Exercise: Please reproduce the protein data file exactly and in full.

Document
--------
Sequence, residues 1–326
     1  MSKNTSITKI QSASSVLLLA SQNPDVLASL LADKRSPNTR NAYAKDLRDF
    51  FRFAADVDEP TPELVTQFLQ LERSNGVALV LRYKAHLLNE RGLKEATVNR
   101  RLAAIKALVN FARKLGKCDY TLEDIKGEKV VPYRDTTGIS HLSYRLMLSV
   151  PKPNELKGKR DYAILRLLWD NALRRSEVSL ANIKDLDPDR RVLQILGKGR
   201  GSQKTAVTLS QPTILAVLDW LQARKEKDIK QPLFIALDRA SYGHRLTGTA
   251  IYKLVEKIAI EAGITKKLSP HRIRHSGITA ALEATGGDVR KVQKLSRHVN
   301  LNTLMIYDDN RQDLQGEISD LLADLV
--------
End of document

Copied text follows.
Sequence, residues 1–326
     1  MSKNTSITKI QSASSVLLLA SQNPDVLASL LADKRSPNTR NAYAKDLRDF
    51  FRFAADVDEP TPELVTQFLQ LERSNGVALV LRYKAHLLNE RGLKEATVNR
   101  RLAAIKALVN FARKLGKCDY TLEDIKGEKV VPYRDTTGIS HLSYRLMLSV
   151  PKPNELKGKR DYAILRLLWD NALRRSEVSL ANIKDLDPDR RVLQILGKGR
   201  GSQKTAVTLS QPTILAVLDW LQARKEKDIK QPLFIALDRA SYGHRLTGTA
   251  IYKLVEKIAI EAGITKKLSP HRIRHSGITA ALEATGGDVR KVQKLSRHVN
   301  LNTLMIYDDN RQDLQGEISD LLADLV